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Configuration management of JBoss files

 
Greg Charles
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I've worked on many web applications deployed to various app servers, and so far haven't really found an ideal way to push out changes to server configuration files that fall outside the ears, wars, jars or whatever, which we deploy through the normal build process. JBoss, in particular, has dozens of XML files distributed throughout server/default/conf and server/default/deploy that can be tweaked to enable features and improve performance. At the moment we just push these out to the other developers on an ad hoc, which, even though it's rarely necessary, is still a big PITA.

I'm interested how others are handling it. Do you put the entire server/default/deploy (less your deployed artifacts) and server/default/conf directories into source control, or just XML files, or just files that vary from the default distro?
 
Peter Johnson
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I store only the modified config files in source control. And my Ant build script deploys the config files along with the app.
 
Greg Charles
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Good advice, and that's probably what we'll do. A few more questions though:

I often modify my jboss-log4j.xml locally to see some more or less logging in areas I'm interested in. It would be annoying if my local changes got wiped out every time I did a build. Do you just change that file in the project and then be careful not to check it in?

We have SSL enabled, and so need a keystore with a self-signed certificate. Do you put that in source code control? The domain name actually has to go into the cert. It can be localhost for all us developers, but on the shared server, it actually must contain the IP address. How have you solved that?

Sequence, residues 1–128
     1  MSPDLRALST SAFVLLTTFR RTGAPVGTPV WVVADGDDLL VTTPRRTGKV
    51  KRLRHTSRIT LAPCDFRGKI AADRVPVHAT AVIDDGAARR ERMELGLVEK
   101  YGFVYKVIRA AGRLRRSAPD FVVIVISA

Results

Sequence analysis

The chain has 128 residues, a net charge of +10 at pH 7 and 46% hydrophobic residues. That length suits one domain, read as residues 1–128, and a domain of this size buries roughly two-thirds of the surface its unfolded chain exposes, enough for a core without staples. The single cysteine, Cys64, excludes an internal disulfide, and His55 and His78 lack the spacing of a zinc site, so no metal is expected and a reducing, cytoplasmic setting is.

How about other files that may have a dev version and a production version?

Recently I disabled the JBoss root application by taking index.html away from the ROOT.war and replacing it with a 404.jsp. How do you distribute changes that require file deletions? Probably by updating your build's clean target, right?

 
Peter Johnson
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1) I would use Mercurial or Git and create the local repository in the conf directory.

2) I don't need ssl for what I have been doing. But I would store the cert in source control. In the cert I would place an expression such as ${domain.name} into the cert and then use a Ant (or Maven) build to replace that with the proper name.

3) Same as #2. Check out the ch00/src/main/db/jbia-ds.xml file that is part of the source code for JBoss in Action. I use this one file for all of the *-ds.xml files for the book - different datasource names and different database (mysql and posgresql). Both Ant and Maven are very good at this sort of thing. All deployment-specific information should be templated and applied via properties at build/deploy time.

4) I usually do that as part of my app server setup target. Look at how I set up the Ant script for the book. Essentially, you start with the JBoss AS zip file. The script extract the base files (everything except server/xxx) in one step, and then extracts 'default' (or 'all') as xxx, and then does some post processing to fix things up within server/xxx. That is the point at which I would replace the index.html with 404.jsp.
 
Greg Charles
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Thanks Peter! That's very helpful, as your book has been. Our build uses Maven instead of Ant, which I don't understand as well, and so that's part of what I'm struggling with. One point I'm still confused on: the "cert" as I understand it is a binary file, so is it even possible to put a token like ${domain.name} in it? Also, to be useful, the cert has to be added into the trust store. I'll check into your Ant builds and see if I can figure out how you're handling that.
 
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